Once lumped in by anti-drug stalwarts with heroin, cocaine, hallucinogens and synthetic drugs, and still considered a Schedule I narcotic by the Drug Enforcement Administration, marijuana and its derivatives are now legal for medical use in 33 states and the District of Columbia. Ten of those states (and Washington D.C.) also permit recreational consumption. Moreover, lawmakers in the House of Representatives filed multiple bills advocating for either nationwide marijuana legalization or major cannabis-law reform in the lower body's first week of 2019 legislative sessions, according to Forbes. The Hill reported Feb. 8 that similar legislation surfaced in the Senate. (As of April 2019, it hasn't yet come to a vote.)
In a nutshell: Recreational marijuana legalization is likely a matter of when rather than if. For HR teams and business leaders, this poses questions regarding how to treat the issue in the workplace regardless of their personal pro, anti or in-between stances on it. Your organization's culture and safety concerns, as well as individual circumstances, all play into such considerations.
Reconciling federal and state laws
The fact that cannabis remains illegal at the federal level despite its legality in numerous states complicates things. If you're a U.S. government contractor and prohibit employees' marijuana use, for example, you may have the Drug-Free Workplace Act on your side. But if your state permits medical consumption and a job applicant or employee fails a drug test because of legal marijuana, you might fall afoul of laws requiring accommodation for medical users, as the Society for Human Resource Management explained. HR must also, up to a point, account for legitimate medical-marijuana users on staff in general and enact appropriate protections.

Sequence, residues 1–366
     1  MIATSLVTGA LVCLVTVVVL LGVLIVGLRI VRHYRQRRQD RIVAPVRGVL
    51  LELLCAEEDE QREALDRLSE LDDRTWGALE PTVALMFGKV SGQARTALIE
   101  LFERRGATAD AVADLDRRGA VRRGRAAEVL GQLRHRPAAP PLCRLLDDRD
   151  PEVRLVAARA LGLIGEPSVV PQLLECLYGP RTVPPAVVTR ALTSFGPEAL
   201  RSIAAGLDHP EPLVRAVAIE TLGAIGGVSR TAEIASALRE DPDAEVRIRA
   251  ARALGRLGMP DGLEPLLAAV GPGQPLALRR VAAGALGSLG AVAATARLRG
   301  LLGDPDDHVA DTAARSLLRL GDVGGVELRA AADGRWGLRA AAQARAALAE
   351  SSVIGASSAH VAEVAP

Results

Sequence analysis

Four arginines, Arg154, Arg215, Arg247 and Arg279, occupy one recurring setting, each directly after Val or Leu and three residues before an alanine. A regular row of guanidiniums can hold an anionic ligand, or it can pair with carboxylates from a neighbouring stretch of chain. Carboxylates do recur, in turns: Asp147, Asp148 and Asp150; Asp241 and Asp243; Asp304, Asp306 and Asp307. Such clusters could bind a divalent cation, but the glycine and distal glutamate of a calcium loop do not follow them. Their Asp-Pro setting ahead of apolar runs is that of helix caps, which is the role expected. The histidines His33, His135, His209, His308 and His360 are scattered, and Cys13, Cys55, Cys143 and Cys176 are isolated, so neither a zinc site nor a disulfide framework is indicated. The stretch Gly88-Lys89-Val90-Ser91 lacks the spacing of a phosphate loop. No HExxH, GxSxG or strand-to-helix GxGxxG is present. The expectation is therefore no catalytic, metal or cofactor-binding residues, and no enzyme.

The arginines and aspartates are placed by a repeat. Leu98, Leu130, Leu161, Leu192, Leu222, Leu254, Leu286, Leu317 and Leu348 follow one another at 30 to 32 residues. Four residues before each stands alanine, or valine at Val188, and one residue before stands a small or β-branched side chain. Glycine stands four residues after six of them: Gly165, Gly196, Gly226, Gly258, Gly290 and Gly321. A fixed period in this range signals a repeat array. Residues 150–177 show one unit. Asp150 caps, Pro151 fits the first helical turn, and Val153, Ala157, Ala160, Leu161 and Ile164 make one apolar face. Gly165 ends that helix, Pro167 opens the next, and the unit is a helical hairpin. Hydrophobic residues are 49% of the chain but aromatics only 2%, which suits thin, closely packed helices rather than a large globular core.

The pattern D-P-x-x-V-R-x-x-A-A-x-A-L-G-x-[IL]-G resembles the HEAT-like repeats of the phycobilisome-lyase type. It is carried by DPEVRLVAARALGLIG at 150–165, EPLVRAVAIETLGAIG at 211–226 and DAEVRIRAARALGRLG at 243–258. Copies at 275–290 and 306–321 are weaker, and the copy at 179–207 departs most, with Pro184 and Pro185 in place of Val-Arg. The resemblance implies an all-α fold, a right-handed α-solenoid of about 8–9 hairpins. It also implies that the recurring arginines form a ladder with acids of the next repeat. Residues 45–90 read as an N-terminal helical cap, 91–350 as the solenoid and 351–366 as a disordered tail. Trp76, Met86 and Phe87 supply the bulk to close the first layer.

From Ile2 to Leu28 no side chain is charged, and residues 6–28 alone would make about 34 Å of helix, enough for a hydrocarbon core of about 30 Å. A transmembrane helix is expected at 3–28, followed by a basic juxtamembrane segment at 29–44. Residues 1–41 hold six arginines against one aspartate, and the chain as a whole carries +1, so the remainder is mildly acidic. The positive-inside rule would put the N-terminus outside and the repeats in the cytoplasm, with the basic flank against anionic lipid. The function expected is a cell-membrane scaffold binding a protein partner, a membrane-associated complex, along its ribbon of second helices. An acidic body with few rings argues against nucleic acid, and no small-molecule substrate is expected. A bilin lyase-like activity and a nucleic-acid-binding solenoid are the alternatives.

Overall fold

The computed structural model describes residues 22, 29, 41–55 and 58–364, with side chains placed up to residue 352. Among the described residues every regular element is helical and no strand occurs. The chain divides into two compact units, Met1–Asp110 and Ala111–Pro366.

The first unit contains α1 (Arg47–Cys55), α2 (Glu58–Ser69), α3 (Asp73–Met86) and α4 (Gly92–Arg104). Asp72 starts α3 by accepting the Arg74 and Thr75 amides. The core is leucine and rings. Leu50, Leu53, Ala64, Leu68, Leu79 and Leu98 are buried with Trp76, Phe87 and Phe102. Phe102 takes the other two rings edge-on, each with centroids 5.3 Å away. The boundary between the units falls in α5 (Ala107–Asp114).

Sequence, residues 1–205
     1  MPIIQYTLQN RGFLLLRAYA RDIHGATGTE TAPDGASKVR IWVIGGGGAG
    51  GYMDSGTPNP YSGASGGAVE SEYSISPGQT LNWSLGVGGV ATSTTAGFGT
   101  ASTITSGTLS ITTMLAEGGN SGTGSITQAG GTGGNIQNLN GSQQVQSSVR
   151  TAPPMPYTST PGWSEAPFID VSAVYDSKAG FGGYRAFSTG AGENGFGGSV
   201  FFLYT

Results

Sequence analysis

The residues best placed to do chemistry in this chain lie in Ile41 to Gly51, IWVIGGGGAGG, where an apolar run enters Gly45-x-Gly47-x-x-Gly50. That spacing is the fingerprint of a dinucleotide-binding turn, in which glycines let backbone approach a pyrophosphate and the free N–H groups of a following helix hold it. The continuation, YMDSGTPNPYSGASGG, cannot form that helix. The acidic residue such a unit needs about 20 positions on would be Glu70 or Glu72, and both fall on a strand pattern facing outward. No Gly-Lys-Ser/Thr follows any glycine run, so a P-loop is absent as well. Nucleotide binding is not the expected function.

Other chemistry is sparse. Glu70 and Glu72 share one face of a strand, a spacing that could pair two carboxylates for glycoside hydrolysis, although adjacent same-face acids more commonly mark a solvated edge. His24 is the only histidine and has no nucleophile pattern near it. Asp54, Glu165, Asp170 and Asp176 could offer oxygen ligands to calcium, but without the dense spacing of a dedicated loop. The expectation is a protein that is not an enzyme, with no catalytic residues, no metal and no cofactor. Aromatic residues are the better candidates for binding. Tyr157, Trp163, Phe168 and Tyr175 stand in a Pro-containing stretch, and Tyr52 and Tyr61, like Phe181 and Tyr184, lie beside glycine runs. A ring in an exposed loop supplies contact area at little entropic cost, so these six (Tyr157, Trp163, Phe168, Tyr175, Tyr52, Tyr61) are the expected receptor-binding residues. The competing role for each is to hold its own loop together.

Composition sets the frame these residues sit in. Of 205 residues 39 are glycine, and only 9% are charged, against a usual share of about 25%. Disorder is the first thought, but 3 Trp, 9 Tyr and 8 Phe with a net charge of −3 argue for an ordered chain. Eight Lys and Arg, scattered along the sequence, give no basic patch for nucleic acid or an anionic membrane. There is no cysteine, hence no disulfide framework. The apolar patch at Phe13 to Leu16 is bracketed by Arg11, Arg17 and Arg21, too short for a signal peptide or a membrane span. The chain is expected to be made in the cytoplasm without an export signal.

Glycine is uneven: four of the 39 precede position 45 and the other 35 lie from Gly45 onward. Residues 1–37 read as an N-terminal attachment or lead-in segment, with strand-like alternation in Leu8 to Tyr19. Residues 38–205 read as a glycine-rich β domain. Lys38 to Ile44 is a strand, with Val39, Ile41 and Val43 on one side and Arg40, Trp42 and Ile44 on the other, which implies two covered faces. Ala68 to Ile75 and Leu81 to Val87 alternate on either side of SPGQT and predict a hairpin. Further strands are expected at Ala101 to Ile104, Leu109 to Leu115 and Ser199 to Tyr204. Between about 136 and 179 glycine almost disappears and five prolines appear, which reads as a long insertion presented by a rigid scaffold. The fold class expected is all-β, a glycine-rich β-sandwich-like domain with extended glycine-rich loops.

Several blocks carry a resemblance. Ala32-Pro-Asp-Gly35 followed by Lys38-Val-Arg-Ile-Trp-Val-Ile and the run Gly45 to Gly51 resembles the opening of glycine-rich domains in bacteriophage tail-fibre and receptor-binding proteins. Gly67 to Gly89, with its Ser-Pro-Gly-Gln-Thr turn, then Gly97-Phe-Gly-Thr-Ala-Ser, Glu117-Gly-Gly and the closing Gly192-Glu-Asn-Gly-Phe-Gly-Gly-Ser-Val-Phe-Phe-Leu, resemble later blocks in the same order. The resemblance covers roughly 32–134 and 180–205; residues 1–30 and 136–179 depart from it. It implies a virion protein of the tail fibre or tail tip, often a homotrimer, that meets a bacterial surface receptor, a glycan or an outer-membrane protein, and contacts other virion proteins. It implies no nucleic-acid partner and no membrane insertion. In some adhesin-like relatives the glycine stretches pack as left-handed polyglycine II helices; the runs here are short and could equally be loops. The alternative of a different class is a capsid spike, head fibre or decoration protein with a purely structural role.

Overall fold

Matters of safety
All that said, you're within your rights to forbid an employee from coming to work stoned or using cannabis on the job, just as you'd be with alcohol. This holds especially true if there are safety risks in the office or worksite that being under the influence could seriously exacerbate. Penalties for on-the-job marijuana use by machine operators, drivers, handlers of hazardous materials or dangerous equipment are all entirely reasonable. Be realistic about what constitutes safety concerns (forklift operation would count; working a tech-support shift is a stretch) and stay consistent with safety-related policy to avoid accusations of unfair application.
HR should be objective whenever possible regarding marijuana – comply with all applicable laws, mitigate dangers to employees and company property and apply consistent policy. But sometimes subjective analysis of a situation is necessary. Say you know two employees are marijuana smokers but they also excel at their duties, don't bother or endanger others and provide serious bottom-line value to the company. You must think hard about what action to take, if any. Ultimately, HR should know staff better than anyone else in the business and act (or don't) on a case-by-case basis.